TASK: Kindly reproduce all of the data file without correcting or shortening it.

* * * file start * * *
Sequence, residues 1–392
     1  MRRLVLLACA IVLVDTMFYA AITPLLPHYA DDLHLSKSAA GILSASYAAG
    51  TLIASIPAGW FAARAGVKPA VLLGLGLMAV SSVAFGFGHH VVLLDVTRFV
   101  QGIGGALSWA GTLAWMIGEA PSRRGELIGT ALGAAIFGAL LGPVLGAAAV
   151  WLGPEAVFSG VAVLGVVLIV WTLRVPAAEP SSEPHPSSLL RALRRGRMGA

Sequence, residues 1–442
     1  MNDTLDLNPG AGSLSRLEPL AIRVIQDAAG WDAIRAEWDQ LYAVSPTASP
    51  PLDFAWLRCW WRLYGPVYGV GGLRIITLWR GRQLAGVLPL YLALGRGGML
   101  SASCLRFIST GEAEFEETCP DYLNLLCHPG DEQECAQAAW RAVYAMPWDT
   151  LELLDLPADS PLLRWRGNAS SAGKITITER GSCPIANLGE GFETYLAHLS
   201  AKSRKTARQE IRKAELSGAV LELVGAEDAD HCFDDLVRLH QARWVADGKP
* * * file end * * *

Sequence, residues 1–392
     1  MRRLVLLACA IVLVDTMFYA AITPLLPHYA DDLHLSKSAA GILSASYAAG
    51  TLIASIPAGW FAARAGVKPA VLLGLGLMAV SSVAFGFGHH VVLLDVTRFV
   101  QGIGGALSWA GTLAWMIGEA PSRRGELIGT ALGAAIFGAL LGPVLGAAAV
   151  WLGPEAVFSG VAVLGVVLIV WTLRVPAAEP SSEPHPSSLL RALRRGRMGA

Sequence, residues 1–442
     1  MNDTLDLNPG AGSLSRLEPL AIRVIQDAAG WDAIRAEWDQ LYAVSPTASP
    51  PLDFAWLRCW WRLYGPVYGV GGLRIITLWR GRQLAGVLPL YLALGRGGML
   101  SASCLRFIST GEAEFEETCP DYLNLLCHPG DEQECAQAAW RAVYAMPWDT
   151  LELLDLPADS PLLRWRGNAS SAGKITITER GSCPIANLGE GFETYLAHLS
   201  AKSRKTARQE IRKAELSGAV LELVGAEDAD HCFDDLVRLH QARWVADGKP